HTML and CSS Reference
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if (!String.prototype.trim) {
String.prototype.trim = function trim() {
return this.replace(/^\s+ | \s+ $ /g, "");
// Should throw a ReferenceError, true in IE
// Even worse: IE creates two different function objects
assertNotSame(trim, String.prototype.trim);
This is a bleak situation; when faced with named function expressions, Internet
Explorer creates two distinct function objects, leaks the identifier to the containing
scope, and even hoists one of them. These discrepancies make dealing with named
function expressions risky business that can easily introduce obscure bugs. By as-
signing the function expression to a variable with the same name, the duplicated
function object can be avoided (effectively overwritten), but the scope leak and
hoisting will still be there.
I tend to avoid named function expressions, favoring function declarations
inside closures, utilizing different names for different branches if necessary. Of
course, function declarations are hoisted and available in the containing scope as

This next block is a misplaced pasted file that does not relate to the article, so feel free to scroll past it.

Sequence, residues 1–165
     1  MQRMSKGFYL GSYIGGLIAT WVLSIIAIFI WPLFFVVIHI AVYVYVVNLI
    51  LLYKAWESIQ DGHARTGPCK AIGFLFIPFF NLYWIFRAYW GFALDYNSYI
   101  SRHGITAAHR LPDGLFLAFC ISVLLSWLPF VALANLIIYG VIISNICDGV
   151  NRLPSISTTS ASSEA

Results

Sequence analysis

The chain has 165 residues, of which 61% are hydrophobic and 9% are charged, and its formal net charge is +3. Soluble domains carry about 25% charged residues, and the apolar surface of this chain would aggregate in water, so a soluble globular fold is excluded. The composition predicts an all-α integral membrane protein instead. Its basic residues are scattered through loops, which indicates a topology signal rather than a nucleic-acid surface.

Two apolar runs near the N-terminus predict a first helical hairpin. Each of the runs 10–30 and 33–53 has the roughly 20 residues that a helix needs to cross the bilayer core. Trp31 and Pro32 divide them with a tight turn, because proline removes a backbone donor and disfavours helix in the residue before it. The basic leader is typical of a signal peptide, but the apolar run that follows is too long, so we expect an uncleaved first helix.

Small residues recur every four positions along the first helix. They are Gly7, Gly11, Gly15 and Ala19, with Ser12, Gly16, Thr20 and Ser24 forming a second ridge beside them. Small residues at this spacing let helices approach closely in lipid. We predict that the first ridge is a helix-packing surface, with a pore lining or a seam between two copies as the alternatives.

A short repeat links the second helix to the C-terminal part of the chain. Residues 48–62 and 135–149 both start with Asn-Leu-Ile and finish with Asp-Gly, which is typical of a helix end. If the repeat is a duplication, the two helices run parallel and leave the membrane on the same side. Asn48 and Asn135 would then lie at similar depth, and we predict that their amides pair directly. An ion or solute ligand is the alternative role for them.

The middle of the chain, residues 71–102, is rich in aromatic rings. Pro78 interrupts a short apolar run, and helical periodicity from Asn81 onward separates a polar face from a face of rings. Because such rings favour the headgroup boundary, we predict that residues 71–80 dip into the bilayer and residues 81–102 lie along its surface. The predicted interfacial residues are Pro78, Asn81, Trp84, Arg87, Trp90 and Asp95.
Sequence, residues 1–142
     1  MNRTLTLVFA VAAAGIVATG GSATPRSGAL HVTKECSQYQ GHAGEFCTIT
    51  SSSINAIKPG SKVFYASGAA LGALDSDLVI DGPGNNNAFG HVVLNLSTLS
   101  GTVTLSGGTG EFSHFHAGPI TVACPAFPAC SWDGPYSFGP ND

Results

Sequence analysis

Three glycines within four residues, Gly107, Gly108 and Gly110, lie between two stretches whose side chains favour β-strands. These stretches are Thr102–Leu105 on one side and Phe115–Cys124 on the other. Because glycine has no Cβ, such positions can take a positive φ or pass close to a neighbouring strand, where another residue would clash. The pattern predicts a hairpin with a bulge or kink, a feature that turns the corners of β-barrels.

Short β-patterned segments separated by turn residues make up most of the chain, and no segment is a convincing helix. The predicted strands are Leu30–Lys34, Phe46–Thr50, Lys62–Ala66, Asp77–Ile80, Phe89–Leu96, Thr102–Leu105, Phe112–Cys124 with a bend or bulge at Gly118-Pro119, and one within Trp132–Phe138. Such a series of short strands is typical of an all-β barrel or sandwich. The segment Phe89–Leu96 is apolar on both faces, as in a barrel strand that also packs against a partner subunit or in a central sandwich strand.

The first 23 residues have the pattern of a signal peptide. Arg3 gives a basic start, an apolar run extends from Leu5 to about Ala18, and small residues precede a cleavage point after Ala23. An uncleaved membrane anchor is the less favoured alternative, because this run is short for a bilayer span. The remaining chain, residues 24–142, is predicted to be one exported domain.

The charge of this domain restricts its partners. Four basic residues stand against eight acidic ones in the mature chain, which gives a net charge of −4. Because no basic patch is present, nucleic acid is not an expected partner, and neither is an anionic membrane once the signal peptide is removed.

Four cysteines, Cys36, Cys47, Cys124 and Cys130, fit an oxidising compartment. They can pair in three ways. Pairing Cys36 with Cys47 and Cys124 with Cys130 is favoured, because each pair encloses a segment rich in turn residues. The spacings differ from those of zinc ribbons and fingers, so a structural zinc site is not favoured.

well—the difference is that this is expected behavior for function declarations,
meaning no nasty surprises. The behavior of function declarations are known and
predictable across browsers, and need no working around.
5.4 The this Keyword
JavaScript's this keyword throws many seasoned developers off. In most object
oriented languages, this (or self ) always points to the receiving object. In most
object oriented languages, using this inside a method always means the object on
which the method was called. This is not necessarily true in JavaScript, even though
it is the default behavior in many cases. The method and method call in Listing 5.23
has this expected behavior.
Listing 5.23 Unsurprising behavior of this
var circle = {
radius: 6,
diameter: function () {
return this.radius * 2;
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